Environmental Sustainability and Net Zero initiative

JBA’s commitment to meet Net Zero

Sustainability has always been important to JBA. We are very much aware of the impact of climate change by the very nature of the work in which we are involved. As a business, we’re determined to do everything we can to minimise the environmental impacts of our operations and activities and we’re committed to making the changes needed to reduce our resource use and cut our carbon footprint.

Our Sustainability and Environmental Management Policy sets out our objectives for environmental sustainability and our Carbon & Resource Management Plan details how we will achieve these objectives.

Guided by our plan, we aim to make positive changes across our business with the ultimate aim of becoming a Net Zero business, spearheaded by our Group Sustainability Manager, David Revill.

We recently published our new carbon reduction plan - the JBA Net Zero Route Map – supported by a detailed Action Plan. At the core of the Route Map are ten 'Carbon Cutting Priorities' that represent the key steps we need to take to reach net zero outlined. These are outlined in the graphic below. 

Cutting our emissions to zero will require everyone at JBA to work differently, making low carbon a positive choice that informs everything we do. Our Route Map and Action Plan are important steps on our journey to net zero however, we know we don't yet have all the solutions, and so our Route Map is flexible. We'll continuously refine and expand our Action Plan as needed to ensure our efforts stay on track and reach our goal.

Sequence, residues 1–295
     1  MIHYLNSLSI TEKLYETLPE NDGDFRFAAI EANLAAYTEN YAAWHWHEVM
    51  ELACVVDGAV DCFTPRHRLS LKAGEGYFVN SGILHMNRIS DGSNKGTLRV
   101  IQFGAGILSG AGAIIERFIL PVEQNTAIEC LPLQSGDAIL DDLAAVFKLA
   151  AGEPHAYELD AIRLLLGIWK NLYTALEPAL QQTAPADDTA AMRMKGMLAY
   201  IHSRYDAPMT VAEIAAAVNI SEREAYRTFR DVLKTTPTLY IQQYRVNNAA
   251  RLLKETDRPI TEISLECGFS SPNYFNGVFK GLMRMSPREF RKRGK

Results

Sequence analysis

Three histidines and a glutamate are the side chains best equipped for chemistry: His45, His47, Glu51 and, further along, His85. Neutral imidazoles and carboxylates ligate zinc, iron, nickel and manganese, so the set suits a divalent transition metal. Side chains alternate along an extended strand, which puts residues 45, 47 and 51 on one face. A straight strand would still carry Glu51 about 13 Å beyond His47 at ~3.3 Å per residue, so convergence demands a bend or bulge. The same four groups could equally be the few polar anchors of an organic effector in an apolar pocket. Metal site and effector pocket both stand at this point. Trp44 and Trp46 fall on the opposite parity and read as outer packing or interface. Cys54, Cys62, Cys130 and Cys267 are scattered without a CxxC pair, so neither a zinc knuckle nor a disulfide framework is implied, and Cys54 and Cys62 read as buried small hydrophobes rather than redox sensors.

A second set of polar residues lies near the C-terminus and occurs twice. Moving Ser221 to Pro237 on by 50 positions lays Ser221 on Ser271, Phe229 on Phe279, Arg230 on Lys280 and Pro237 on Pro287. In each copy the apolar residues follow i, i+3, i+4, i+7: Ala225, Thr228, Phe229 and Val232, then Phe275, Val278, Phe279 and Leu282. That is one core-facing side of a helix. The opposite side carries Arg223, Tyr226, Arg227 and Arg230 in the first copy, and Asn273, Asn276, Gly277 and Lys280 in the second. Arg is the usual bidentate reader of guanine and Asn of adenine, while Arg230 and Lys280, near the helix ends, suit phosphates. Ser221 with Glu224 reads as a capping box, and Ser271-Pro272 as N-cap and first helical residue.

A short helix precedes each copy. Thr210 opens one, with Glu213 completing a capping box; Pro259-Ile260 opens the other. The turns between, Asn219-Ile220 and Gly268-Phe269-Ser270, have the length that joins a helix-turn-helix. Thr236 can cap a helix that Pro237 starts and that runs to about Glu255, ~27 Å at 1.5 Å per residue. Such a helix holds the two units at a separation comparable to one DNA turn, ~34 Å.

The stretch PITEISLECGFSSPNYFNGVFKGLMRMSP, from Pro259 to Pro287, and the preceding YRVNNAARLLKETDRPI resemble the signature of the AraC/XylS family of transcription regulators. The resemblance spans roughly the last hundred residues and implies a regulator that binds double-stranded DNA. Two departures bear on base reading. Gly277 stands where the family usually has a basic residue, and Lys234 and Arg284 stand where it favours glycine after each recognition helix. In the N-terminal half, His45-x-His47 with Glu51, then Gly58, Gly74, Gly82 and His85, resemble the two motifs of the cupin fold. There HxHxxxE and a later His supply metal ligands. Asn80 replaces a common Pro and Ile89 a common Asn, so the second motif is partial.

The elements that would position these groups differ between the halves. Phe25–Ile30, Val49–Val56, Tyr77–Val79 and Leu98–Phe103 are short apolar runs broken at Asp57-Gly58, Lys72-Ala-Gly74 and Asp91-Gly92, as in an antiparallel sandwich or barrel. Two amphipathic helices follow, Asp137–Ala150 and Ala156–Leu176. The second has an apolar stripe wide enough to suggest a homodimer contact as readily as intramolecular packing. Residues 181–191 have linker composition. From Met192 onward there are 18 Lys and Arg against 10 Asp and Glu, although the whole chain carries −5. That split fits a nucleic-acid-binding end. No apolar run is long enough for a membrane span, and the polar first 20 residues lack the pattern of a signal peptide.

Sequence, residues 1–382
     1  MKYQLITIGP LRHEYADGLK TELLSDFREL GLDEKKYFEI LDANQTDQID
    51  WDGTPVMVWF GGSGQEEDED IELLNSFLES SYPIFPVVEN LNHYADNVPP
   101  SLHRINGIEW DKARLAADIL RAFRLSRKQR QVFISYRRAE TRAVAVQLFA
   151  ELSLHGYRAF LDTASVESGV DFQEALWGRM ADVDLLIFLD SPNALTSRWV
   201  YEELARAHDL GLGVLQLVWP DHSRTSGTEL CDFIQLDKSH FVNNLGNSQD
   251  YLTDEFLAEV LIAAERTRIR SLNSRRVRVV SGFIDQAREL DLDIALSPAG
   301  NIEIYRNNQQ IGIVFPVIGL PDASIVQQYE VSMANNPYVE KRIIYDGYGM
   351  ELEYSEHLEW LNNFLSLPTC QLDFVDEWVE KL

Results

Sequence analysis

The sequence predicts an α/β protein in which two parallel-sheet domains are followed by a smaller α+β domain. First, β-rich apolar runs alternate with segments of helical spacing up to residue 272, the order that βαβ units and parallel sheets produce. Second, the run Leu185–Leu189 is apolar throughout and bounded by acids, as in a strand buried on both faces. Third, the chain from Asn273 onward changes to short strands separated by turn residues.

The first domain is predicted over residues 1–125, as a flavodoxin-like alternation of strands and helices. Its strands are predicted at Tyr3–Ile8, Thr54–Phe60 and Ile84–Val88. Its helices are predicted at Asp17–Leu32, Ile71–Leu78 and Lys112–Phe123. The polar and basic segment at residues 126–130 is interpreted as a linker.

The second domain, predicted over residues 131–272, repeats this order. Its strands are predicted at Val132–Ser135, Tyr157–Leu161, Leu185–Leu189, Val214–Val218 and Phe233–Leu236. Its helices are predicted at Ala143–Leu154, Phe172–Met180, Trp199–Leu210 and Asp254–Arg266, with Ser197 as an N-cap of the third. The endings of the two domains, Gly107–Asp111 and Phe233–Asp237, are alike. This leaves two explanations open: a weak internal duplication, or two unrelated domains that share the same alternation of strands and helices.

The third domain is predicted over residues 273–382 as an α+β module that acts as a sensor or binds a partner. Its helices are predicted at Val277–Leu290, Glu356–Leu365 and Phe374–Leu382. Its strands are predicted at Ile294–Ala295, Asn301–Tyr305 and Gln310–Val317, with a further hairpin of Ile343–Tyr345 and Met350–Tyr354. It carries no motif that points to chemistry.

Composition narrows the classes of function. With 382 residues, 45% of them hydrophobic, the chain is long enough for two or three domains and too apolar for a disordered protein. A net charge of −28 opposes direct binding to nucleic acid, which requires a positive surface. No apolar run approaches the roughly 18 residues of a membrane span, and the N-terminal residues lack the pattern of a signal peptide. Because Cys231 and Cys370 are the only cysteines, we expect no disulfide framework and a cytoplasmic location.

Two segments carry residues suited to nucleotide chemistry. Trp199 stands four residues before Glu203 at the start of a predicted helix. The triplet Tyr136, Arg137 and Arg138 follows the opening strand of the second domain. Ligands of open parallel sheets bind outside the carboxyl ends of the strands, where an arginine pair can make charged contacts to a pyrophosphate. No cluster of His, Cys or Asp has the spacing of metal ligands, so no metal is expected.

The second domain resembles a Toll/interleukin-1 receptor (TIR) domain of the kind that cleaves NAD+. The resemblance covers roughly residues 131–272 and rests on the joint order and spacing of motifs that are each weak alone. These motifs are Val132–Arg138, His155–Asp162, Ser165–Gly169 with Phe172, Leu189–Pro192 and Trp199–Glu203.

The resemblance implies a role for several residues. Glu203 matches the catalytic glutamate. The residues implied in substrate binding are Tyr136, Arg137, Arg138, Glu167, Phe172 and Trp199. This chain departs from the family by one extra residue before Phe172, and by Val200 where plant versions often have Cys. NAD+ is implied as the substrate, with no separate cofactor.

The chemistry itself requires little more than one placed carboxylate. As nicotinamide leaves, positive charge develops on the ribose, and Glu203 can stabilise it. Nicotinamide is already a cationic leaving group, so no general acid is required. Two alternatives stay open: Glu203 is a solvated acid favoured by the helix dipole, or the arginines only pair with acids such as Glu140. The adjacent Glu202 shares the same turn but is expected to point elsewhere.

As part of the We Mean Business Coalition, we've added our signature to over 600 other companies calling for more to be done by global leaders in advance of the G20 Summit and COP26 climate conference by:

  • Strengthening commitments (Nationally Determined Contributions) to reduce global emissions by 2030 and reach net zero by 2050
  • Immediately ending the development and financing of new coal power stations, and committing to phasing out coal power generation by 2030 in advanced economies, and 2040 in other countries
  • Aligning public spending, COVID-19 recovery funding and other fiscal policies with a 1.5°C warming trajectory, whilst ensuring sufficient support for climate change adaptation and resilience measures.

For more information, email David Revill, Group Sustainability Manager or get in touch via the website.

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